A   L I V I N G   V O I C E

Something I struggle with as a writer is figuring out how to end. Film is very different from an award show or event. You can end that with an encore and leave the house rocking, screen does not work that way. The great thing that I have faith in is when you know, you know. I know it’s a redundant blank statement, but it’s a feeling not a system that has a predictable hypothesis.  EYEZ ended with the murder of Tupac underscored with a gospel song. Now, if you know me I will be the first to tell you the Lord, Jesus is my savior and redeemer. However, let’s be real the ending was whack! It was not a set up to let Pac’s voice live on after death. The mood of the gospel song was the antithesis of the scene’s tone. Now I am not dissing the message of the song, and the song surely could have worked with another scene. In my opinion it was a poor choice to place the song at the end after the slow 5 minute muted scene. It was just plain amateurish and painful to watch. Like I said before, I truly believe death is the birth of a legend’s voice. Where does Tupac’s legacy and philosophy leave us now? Was all of his poetry for nothing? Who holds his memory in their hands now that he and his mother are gone? What happened to Sekyiwa and Rashida Jones? Was his blood shed in vain? If we do not make it clear why we celebrate his name to the present generation, all Tupac will be is a thug-ass nigga who got around from California who dropped hit after hit like Dear Momma and Keep Ya Head Up. This cannot be what Makaveli is reduced to!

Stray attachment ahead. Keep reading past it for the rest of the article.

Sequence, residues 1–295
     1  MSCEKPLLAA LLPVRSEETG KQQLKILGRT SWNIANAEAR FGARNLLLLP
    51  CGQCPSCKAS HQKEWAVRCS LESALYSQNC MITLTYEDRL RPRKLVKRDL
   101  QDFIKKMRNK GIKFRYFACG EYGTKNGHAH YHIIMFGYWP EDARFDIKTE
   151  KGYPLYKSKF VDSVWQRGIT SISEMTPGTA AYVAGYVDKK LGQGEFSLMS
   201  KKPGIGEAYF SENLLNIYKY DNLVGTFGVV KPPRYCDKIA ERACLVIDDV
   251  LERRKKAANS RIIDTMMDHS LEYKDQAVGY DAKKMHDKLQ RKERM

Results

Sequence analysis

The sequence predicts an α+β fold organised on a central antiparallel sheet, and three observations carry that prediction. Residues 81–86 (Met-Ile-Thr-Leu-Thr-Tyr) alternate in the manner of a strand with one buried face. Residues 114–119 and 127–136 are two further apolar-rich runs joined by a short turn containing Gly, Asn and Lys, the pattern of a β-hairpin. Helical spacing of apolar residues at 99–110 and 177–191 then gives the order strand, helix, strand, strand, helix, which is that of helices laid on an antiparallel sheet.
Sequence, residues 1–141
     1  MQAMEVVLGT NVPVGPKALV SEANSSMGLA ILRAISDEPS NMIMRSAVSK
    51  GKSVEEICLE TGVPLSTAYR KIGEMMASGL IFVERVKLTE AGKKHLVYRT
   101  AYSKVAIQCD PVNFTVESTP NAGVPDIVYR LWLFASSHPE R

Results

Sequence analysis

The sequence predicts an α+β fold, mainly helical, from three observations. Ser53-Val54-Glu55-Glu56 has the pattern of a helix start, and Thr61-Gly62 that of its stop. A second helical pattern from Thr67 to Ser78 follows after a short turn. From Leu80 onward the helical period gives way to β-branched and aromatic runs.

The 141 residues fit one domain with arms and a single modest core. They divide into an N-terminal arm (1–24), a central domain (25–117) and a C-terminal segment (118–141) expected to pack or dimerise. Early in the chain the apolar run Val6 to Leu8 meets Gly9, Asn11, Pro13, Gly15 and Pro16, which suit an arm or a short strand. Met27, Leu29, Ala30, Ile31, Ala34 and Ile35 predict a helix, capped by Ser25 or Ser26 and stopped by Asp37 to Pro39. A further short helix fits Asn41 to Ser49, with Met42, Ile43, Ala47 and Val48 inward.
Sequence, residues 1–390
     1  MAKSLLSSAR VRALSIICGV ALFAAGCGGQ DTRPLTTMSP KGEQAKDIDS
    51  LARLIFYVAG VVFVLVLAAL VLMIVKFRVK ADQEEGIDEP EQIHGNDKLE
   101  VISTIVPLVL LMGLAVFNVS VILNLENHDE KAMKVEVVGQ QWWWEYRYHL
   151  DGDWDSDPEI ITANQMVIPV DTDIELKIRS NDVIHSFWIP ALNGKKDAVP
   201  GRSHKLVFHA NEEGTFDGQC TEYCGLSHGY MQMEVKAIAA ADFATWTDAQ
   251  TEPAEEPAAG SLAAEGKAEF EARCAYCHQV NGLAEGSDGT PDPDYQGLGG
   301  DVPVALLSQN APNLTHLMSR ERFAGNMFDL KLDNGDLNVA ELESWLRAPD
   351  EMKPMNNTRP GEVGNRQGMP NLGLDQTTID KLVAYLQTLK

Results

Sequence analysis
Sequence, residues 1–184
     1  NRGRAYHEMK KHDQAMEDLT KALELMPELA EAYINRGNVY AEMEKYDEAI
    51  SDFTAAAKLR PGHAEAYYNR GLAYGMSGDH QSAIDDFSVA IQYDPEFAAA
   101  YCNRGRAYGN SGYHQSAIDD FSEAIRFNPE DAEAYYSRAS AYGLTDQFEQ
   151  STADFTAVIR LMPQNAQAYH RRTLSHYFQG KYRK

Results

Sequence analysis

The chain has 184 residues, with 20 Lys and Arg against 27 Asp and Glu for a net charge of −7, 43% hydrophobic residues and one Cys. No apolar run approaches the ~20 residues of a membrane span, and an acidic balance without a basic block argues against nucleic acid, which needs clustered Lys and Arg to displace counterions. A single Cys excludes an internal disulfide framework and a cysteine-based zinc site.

“If we must die let it not be like hogs hunted and pinned in an inglorious spot, while round us bark the mad and hungry dogs, making their mock at our accursed lot. If we must die, O let us nobly die, so that our precious blood may not be shed in vain; then even the monsters we defy shall be constrained to honor us through dead!

Page 100, EVOL

 

R E V E L A T I O N S